Kobo brings the Forma form factor to a cheaper model

I’ve long had a soft spot for Kobo for a few reasons. First is the simple fact that the company (now part of Rakuten) was one of the last few competing with Amazon in the e-reader market. Second is features like Pocket integration. Third is the device’s openness to file formats like ePub that don’t require the device to be tied to a single store.
Kobo’s also never been afraid to experiment. Last year’s Forma was the perfect example. A direct shot against Kindle’s high-end Oasis, the reader combined a contoured form factor and physical page-turn buttons with an 8-inch screen. That last bit was probably enough to keep the device firmly in the niche category, even without the $280 price tag.
The new Libra H20 is a far more utilitarian product, applying the Libra’s form factor to a 7-inch screen device that retails for a more reasonable $170. It’s still not


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Kobo’s Forma e-reader takes on Kindle Oasis with an asymmetric design and premium price

Kobo’s latest e-reader is a complete about-face from its anonymous, cheap and highly practical Clara HD; the Forma is big, expensive and features a bold — not to say original — design. It’s clearly meant to take on the Kindle Oasis and e-reader fans for whom price is no object.
The $280 Forma joins a number of other e-readers in using a one-handed design, something which is, we might as well admit up front, isn’t for everyone. That said, I’ve found that my reading style on these devices has been able to adapt from one form factor to another — it’s not like they made it head-mountable or something. You still hold it like you would any other small device.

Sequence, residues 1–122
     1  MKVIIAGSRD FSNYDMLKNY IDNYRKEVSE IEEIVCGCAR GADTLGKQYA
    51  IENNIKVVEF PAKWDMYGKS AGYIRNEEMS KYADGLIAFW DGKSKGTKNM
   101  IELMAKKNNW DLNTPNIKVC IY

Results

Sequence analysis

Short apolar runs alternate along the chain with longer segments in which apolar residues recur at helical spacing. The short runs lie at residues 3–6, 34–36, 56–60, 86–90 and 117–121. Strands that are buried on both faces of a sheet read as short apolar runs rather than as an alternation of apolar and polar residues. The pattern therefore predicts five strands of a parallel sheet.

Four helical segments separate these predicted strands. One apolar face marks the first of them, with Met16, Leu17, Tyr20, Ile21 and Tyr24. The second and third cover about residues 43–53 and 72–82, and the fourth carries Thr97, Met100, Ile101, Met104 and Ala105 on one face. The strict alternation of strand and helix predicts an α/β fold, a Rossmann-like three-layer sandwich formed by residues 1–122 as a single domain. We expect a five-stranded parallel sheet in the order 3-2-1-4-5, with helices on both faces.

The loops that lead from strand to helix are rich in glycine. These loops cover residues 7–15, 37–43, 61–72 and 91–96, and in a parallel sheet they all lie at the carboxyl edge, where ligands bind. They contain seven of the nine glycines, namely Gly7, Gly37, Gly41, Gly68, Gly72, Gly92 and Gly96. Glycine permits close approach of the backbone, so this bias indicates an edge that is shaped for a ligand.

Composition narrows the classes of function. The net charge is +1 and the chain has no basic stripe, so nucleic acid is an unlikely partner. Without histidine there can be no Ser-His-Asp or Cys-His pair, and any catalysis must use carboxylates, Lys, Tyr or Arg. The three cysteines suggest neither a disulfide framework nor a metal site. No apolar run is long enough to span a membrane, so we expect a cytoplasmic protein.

It uses an 8-inch E-Ink Carta display with 300 pixels per inch, which is more than enough for beautiful type. The frontlight — essentially a layer above the display that lights up


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In an age of tablets and e-books, high school testing still relies on the TI-83 graphing calculator

ti-83We live in a world where Amazon is just about to release a $50 tablet which puts all the power of the Internet at anyone’s disposal. (Or all the power, at least as filtered through Amazon’s own native apps.) Many people, including high school students, already have that power at their disposal via smartphones.